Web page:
Winter Moths

By Christmas Eve 2018, it will be five months since I started trapping, identifying, photographing, and releasing (unharmed) moths using an actinic light trap. At the last count, I had ticked 129 moths. As the autumn drew in and winter arrived, the number of new species plummeted although other moth-ers talked of Mervs, November moths, December moths, Winter moths, Mottled Umbers, migrants, and more.

I’d seen none of those species until a Winter Moth (Operophtera brumata) finally turned up on the vanes of the trap and was sitting there when I got back from C5 the band rehearsals last night. I got a quick record shot on my phone and then persuaded him (it’s definitely a male; the females have no wings) to sit on my trusty lichen-encrusted stick for a late-night photo shoot. The inimitable Leonard C on the Moths UK Flying Tonight Facebook group corroborated my identification.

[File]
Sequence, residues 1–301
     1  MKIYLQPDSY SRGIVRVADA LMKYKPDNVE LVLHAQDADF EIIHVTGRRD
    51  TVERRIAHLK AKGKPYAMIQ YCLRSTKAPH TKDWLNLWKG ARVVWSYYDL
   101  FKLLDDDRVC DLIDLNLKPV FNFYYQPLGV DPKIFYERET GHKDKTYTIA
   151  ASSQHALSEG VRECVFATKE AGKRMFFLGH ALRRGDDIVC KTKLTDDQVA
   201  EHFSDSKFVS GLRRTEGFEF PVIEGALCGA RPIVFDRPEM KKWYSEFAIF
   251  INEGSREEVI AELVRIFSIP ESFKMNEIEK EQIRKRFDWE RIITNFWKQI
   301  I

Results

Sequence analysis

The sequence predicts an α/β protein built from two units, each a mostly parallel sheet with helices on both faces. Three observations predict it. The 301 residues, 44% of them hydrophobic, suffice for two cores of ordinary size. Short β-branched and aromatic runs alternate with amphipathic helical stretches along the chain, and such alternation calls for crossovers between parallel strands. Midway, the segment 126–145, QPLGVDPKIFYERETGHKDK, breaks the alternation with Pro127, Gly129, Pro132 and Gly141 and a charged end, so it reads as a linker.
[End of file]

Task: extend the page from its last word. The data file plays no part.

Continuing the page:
This morning, after a restful night’s sleep, O. brumata was ready for a couple more snaps prior to release back into the wild. As the name suggests, this species flies and breeds during the winter, taking flight from late autumn and on the wing until January-February. It is a relatively common species and its larvae can sometimes be found in numbers so large that they will completely defoliate small trees and so the species is considered a pest, according to UK Moths.

You can view all of the decent shots I’ve got of Lepidoptera on my Imaging Storm website where there’s also a full listing of species common names and scientific binomials.

Author: bob投注平台

Award-winning freelance science writer, author of Deceived Wisdom. Sharp-shooting photographer and wannabe rockstar.